On the frontlines: building human capital in Chad

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“We are truly free, and as long as the tractor is working and helping us generate income, there’s no going back.” On my recent trip to Chad, I was impressed by the optimism and confidence of women like Aminatou, a tractor driver in the small town of Mani in the country’s western region. Along with other women in her rural community, Aminatou is improving her life through skills training with support from the Sahel Women Empowerment and Demographic Dividend Regional Project (SWEDD), which has allowed her to feed her family, build a career and secure a better future.

Projects like SWEDD are based on that knowledge that sustainable economic growth requires women’s empowerment. SWEDD, an education and training program that has supported women and girls in 5 countries in the Sahel, provides hope to communities ravaged by years of conflict. Supported by the World Bank’s International Development Association (IDA), it has shown encouraging promise, helping young female dropouts return to school and training women in marketable professions with transferrable skills such as tractor driving and electrical wiring. The benefits are lasting and extend to the entire community: project-supported areas have seen a 23% increase in the number of girls attending secondary school and dropout rates have been cut in half.

However, Chad still faces tremendous development challenges. Nearly half of its people currently live below the poverty line, only 50% of children attend school, and just 15% of 6th graders can read a simple story. The country is also host to 465,000 refugees from neighboring countries and 130,000 internally displaced people. Poverty, displacement, and a lack of security make it difficult for families to invest in human capital for themselves and their children.

 

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On the frontlines: building human capital in Chad

Given this context, it is not surprising that Chad came in at the bottom of the Human Capital Index. The index, which links outcomes in education and health to a country’s productivity, puts into focus how essential it is for countries to prioritize investments in people. Investing in people, particularly women is the most effective and long-lasting way to kickstart progress and build the foundation for peace and prosperity. The government of Chad recognizes this, and I congratulate them on working to reduce child marriage by raising the minimum age of marriage from 15 to 18.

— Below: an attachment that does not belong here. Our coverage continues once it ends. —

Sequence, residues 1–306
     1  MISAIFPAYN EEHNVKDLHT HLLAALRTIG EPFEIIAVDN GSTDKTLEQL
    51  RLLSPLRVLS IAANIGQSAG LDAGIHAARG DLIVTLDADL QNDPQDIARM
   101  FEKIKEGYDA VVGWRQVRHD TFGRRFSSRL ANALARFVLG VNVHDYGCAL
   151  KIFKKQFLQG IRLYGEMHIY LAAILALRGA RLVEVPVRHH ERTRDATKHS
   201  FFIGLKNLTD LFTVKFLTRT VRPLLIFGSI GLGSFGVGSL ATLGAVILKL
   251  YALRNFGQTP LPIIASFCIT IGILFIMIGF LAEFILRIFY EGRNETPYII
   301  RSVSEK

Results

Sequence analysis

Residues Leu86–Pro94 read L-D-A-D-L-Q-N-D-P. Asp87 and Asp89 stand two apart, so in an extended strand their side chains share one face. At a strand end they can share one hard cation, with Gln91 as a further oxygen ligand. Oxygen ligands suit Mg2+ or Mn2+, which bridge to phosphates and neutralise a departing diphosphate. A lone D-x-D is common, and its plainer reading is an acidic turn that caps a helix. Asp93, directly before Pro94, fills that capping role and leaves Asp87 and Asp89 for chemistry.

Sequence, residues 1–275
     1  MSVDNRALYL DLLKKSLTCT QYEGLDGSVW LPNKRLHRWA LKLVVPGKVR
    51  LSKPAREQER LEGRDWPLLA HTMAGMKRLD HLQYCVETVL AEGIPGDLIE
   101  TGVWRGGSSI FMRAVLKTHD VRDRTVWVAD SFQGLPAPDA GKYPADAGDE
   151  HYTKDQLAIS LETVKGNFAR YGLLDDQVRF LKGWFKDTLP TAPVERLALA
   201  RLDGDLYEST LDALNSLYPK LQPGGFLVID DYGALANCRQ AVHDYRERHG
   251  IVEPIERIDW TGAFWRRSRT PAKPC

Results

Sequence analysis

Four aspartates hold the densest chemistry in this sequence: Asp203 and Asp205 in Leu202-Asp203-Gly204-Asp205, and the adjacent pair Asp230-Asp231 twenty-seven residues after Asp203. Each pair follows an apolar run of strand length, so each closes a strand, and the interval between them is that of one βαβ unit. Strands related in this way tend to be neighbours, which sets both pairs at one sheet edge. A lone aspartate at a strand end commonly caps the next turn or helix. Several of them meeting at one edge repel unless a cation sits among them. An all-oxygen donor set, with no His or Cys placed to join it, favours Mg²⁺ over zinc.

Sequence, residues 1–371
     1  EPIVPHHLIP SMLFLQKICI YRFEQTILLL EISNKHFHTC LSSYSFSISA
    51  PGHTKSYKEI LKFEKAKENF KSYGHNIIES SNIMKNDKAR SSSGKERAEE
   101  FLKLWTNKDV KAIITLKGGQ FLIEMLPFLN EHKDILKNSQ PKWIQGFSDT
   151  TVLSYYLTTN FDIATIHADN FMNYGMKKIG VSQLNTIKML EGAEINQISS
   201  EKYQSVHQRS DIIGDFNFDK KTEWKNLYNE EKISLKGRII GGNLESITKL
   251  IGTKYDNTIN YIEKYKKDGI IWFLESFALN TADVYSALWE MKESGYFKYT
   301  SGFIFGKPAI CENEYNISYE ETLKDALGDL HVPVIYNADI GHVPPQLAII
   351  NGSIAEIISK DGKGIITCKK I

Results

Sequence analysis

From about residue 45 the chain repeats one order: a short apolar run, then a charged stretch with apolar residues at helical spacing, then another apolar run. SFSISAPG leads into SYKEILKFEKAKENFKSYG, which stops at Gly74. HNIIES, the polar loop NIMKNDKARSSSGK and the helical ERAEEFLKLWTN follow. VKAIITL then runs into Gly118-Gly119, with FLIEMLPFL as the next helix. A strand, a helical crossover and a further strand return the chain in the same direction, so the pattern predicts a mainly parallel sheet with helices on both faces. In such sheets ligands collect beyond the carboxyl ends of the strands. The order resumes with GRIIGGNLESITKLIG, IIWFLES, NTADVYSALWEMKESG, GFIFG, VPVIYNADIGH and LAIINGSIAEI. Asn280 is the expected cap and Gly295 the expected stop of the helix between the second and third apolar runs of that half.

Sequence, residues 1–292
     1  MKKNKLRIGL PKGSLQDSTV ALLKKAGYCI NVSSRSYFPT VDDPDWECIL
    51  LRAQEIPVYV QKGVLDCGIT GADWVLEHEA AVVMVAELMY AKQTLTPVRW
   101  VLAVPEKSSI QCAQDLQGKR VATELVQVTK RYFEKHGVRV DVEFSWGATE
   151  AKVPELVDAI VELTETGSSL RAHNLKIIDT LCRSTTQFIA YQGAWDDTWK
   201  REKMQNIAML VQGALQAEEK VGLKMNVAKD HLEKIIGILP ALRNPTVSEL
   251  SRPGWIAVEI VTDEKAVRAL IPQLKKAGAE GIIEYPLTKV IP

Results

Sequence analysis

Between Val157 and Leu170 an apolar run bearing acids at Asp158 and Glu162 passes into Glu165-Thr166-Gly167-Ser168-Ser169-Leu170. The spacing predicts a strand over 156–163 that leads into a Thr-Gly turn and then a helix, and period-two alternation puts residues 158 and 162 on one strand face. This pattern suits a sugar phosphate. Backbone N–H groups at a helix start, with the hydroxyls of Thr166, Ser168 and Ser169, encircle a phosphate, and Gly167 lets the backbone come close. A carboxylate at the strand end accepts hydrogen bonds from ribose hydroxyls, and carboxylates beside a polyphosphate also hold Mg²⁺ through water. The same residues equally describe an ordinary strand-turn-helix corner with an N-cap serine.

Providing young women opportunities to stay in school longer and develop their careers allows them to start families when they’re ready, and raise children that are healthier, well-nourished, and better educated. More women joining the workforce alongside men helps families improve their living standards, especially as women tend to invest more of their income in their children. The result is a virtuous circle for the overall development of a community—and a country.

Chad recently joined the Human Capital Project (HCP) and is promoting a whole of government approach with a range of stakeholders to address the country’s human capital development. Building human capital demands coordinated and sustained efforts over time, as well as leadership and collaboration to achieve and secure gains. From global experience, we know that countries do well when they protect investments in human capital during both good and bad economic conditions.

 

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On the frontlines: building human capital in Chad

Our engagement with Chad reflects the World Bank’s commitment to building human capital across Africa. We are increasing our funding for human capital by 50%, with a particular focus on fragile countries and approaches that ensure every girl and woman counts. Across the continent, countries are committed to improving their human capital, and experience shows that rapid improvement is possible.

In Chad, we’re working with the government and other stakeholders to accelerate progress through:

  • Supporting infant and maternal health through nutrition support, encouraging exclusive breastfeeding, and expanding immunization coverage and malaria treatment
  • Equipping schools and teachers for learning so that every child can receive a good education, and teachers receive salaries on time
  • Deploying more effective social safety nets to advance progress across nutrition, schooling, and access to essential healthcare and employment opportunities

 

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On the frontlines: building human capital in Chad

IDA is providing critical resources for Chad, with an increase from $120 million between 2014-2017 to $365 million for 2017-2020. This includes support from IDA’s Refugee Sub-Window for the PARCA project, which is helping more than one million members of host communities and refugees.

We look forward to working further with the people and government of Chad so that Aminatou, her family, and everyone in Chad has the opportunity to build the foundations toward a better future.  

Join the Conversation

Mutebi Ronald
June 11, 2019

I believe that is better to teach man how to fish than always feeding him with fish, it is really a great effort done in chad and it will be our great pleasure when opportunities of Human Capital Project cuts across most countries in Africa at large.